There were also members of the suffragette movement who resisted this. Earlier, in the 1880s, a suffragette named Catherine Impey founded Anti-Caste, sometimes described as Britain’s first anti-racist journal, which attempted to speak “with” rather than “about” people of colour, highlighting racism in the US and the British Empire. Continue reading ““White-Washing” History”
Clips of newspaper articles: http://vimyridgehistory.com/kit-3/women/suffrage/
1883: The Canadian Women’s Suffrage Association is born.
1916: Manitoba is the first province to grant the vote to women.
1917: The Wartime Election Act gives the vote to women who are closely related to a man in service (e.g., spouse or next-of-kin)
1918: Sir Robert Borden (Prime Minister of Canada) introduces a bill to extend the vote to *nearly* all women.
1921: Agnes MacPhail elected to the Dominion House and serves 3 terms.
1929: Established women’s right to sit in the Senate
1930: Mrs. Carine MacKay Wilson appointed the first woman senator.
“Yes, if I had life to live over again, I might avoid some of my mistakes, but in the fundamentals — in the light of the war and of Russia — I am more convinced than ever that nothing else but liberty as the basis of society and of life will ever solve the present problems of the world.” —Emma Goldman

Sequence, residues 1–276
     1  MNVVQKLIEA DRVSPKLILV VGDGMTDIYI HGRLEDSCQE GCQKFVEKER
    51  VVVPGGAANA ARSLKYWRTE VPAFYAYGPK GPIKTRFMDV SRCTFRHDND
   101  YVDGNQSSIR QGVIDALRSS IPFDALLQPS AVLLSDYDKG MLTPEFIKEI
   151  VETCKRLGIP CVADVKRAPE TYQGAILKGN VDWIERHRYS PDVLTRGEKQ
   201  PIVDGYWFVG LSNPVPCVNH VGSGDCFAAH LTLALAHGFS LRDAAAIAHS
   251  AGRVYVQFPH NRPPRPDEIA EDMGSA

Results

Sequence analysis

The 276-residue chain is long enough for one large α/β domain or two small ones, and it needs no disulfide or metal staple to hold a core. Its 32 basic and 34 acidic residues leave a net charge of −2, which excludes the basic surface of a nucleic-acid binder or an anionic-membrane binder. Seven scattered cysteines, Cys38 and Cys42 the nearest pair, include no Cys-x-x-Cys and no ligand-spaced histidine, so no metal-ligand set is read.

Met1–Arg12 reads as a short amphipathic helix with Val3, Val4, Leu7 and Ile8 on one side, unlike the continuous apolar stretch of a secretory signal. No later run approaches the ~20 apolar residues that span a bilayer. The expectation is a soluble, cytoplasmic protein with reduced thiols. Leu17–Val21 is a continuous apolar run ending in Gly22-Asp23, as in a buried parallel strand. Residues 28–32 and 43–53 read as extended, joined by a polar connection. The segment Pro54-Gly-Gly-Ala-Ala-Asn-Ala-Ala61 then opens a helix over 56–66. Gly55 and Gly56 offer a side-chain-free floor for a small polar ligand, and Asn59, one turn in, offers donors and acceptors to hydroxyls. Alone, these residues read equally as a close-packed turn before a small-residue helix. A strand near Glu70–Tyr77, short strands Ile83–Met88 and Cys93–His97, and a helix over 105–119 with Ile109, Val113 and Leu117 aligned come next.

A common sexist line is that a woman’s place is in the kitchen. Well, perhaps that is where the battle for women’s rights began. Apparently, American suffragists published a cookbook that peppered bona fide culinary recipes with propaganda encouraging women on the right to vote.
Add a dash of sarcasm and a pinch of wit. Serves sharp-tongued feminists and thick-skulled chauvinists alike.
Check out a few recipes such as the “Mother’s Election Cake” and a “Pie for a Suffragist’s Doubting Husband” (recipe below): Continue reading “Subversive Soufflés?”
Nellie McClung- the most famous of the Canadian suffragettes- is hardly a household name (Although she does have a heritage minute).
McClung was instrumental in the Winnipeg Mock Parliament of 1914- a theatrical event where women posing as politicians debated the question “should men vote?”. In addition to her support of women’s suffrage, McClung was a writer, mother and (concerningly) a eugenicist.
Suffrage Songs and Verses, by Charlotte Perkins Gilman (1911)
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